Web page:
What We're Working On: My Motorcycle Ramp Bench What We're Working On: My Motorcycle Ramp Bench

Several months ago, someone abandoned this motorcycle truck ramp in an alley. I don’t know why they left it - there was nothing wrong that I could see. It stood behind my garage for a long time, trying to convince me to buy a motorcycle, but until that happens I hit on another use for it. I needed a bit of extra organization, and an upcycled, industrial bench would provide the perfect element.

What We’re Working On: My Motorcycle Ramp Bench, Justin DiPego

Cleaning It Up

The alley wasn’t kind to it, and neither was its time in my side yard. I hosed and scrubbed it clean and chased away the spiders. What We’re Working On: My Motorcycle Ramp Bench, Justin DiPego

Rust set in on the tongue, so I ground it smooth. I considered repainting it black, but I liked the rough and weathered look, so I hit it with a clear sealer instead.

What We’re Working On: My Motorcycle Ramp Bench, Justin DiPego

Figuring It Out

There was much debate (in my head) about the best way to fix legs to this thing. I did not want to permanently alter the ramp, so welding was out. The row of holes down the centerline were a perfect attachment point – but attaching what? I considered black iron pipe, but that evolved into threaded rod.

What We’re Working On: My Motorcycle Ramp Bench, Justin DiPego

Making the Base

The holes in the ramp are 1-inch, so I got ¾-inch threaded rod.

What We’re Working On: My Motorcycle Ramp Bench, Justin DiPego

I cut 3 12-inch pieces for the legs and 6 6-inch pieces for the feet.

What We’re Working On: My Motorcycle Ramp Bench, Justin DiPego

They all got attached together with galvanized pipe fittings so the base was an upside-down T. The rod and fittings are not designed to work together, so it takes a bit of fiddling, and with the ¾-inch rod you need ½-inch fittings.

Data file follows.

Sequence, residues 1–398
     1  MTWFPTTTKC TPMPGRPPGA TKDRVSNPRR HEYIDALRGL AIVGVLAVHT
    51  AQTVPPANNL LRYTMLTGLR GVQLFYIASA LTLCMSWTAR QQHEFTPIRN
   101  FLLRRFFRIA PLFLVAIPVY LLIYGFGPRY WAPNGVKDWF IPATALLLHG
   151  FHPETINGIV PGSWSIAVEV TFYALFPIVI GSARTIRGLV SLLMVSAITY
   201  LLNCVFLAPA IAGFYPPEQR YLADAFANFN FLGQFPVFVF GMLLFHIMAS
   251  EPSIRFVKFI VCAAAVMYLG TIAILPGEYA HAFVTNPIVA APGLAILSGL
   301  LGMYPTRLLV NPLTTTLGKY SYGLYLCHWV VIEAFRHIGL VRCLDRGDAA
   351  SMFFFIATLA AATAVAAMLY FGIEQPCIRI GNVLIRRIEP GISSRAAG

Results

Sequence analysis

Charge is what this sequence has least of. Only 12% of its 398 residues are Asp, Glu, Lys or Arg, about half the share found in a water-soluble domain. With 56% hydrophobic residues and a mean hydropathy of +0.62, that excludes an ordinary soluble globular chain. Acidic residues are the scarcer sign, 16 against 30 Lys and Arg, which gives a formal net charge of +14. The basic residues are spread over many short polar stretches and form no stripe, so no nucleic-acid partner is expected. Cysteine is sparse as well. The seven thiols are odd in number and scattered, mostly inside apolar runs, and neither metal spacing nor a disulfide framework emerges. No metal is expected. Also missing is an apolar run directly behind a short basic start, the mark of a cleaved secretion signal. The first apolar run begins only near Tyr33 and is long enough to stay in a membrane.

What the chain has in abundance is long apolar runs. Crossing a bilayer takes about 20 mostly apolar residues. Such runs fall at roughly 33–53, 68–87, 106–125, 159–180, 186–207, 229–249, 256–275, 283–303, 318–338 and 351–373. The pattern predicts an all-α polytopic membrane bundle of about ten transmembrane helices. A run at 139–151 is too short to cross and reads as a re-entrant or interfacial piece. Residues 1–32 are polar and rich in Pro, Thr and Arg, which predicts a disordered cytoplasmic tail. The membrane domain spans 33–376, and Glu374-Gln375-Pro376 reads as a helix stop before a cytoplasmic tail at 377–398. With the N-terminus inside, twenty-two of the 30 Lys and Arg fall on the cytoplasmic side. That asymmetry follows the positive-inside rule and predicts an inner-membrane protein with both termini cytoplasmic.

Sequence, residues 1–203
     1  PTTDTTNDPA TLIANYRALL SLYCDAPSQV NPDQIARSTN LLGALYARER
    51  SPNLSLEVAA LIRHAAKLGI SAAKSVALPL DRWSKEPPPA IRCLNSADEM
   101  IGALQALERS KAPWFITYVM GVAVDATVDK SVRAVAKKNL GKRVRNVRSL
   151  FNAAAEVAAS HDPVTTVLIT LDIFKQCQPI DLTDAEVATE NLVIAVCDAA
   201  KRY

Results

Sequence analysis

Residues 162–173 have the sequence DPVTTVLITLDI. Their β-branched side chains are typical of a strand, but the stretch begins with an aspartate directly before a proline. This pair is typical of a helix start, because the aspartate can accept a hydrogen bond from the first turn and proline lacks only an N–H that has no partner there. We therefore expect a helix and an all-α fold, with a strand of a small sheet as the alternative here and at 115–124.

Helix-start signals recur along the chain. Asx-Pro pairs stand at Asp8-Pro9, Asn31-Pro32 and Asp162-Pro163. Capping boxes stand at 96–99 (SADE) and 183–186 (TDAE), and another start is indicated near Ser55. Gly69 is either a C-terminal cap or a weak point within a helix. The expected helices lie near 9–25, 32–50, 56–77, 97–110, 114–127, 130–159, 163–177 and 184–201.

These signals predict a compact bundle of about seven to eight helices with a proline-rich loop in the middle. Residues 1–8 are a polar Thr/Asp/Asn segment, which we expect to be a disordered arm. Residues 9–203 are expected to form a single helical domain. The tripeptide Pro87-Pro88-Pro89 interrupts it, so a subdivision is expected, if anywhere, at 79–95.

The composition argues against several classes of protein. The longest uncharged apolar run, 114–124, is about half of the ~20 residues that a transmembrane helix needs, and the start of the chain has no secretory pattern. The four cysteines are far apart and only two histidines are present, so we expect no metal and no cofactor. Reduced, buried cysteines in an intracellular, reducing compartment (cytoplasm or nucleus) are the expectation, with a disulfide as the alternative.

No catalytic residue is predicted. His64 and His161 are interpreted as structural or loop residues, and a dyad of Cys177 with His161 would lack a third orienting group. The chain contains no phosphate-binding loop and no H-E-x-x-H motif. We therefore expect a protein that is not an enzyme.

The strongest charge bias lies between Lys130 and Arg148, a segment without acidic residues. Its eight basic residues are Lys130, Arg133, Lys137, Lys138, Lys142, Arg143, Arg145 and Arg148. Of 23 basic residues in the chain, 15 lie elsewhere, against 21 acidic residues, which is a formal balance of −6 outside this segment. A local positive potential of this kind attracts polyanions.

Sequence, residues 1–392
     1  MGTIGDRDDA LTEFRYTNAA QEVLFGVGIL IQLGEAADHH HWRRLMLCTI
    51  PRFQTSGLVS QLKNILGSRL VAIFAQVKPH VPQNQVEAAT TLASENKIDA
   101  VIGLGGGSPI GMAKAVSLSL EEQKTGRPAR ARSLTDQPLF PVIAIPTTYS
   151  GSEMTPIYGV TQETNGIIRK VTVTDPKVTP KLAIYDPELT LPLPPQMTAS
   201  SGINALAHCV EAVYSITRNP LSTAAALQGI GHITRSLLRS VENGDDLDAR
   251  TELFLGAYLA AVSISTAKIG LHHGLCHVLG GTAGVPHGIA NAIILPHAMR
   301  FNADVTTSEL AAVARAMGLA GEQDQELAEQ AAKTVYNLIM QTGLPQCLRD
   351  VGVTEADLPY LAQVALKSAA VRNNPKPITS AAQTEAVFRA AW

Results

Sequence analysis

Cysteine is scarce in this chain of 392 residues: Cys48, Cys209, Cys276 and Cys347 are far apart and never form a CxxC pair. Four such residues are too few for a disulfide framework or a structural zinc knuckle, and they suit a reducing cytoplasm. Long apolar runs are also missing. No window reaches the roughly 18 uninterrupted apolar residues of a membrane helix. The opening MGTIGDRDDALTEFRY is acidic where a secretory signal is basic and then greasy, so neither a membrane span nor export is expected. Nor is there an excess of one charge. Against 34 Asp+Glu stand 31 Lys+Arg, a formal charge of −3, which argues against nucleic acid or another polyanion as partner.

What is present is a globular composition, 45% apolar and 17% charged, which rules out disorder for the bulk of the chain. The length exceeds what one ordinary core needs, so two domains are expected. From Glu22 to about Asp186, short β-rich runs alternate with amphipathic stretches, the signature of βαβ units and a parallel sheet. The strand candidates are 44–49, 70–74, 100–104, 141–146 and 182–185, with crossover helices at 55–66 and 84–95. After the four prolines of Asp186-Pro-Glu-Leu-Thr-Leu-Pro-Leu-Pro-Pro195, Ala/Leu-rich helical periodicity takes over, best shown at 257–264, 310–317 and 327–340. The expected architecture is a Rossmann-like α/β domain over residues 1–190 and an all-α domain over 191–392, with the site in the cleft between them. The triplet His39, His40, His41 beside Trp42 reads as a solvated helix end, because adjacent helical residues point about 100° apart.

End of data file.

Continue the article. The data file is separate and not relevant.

What We’re Working On: My Motorcycle Ramp Bench, Justin DiPego

Standing It Up

I screwed nuts onto the legs 1-inch from the top, slipped a washer on each and set the ramp upside down with the rods extended through the corresponding holes. Then I added another washer and screwed down another nut to hold the bench tight.

What We’re Working On: My Motorcycle Ramp Bench, Justin DiPego

Here I discovered that the whole ramp was torqued, but the legs made for good leverage and I was able to muscle the twist out of it. Finally, I added a nut to the end of each foot to finish it off.

What We’re Working On: My Motorcycle Ramp Bench, Justin DiPego

The height of the bench is adjustable by moving the nuts up or down the rods. Since it’s an organizing bench, not a sitting bench, I left it pretty low. For sitting it would have to be about a foot taller, and I’d go with 1-inch rather than ¾-inch rod. I don’t mind the nuts and washers sticking up, and they go with the industrial feel. If the bench finds itself adapted for sitting, they don’t get in the way unless you are particularly boney.

Of course, all this can be undone when I need to roll a motorcycle up into my truck.

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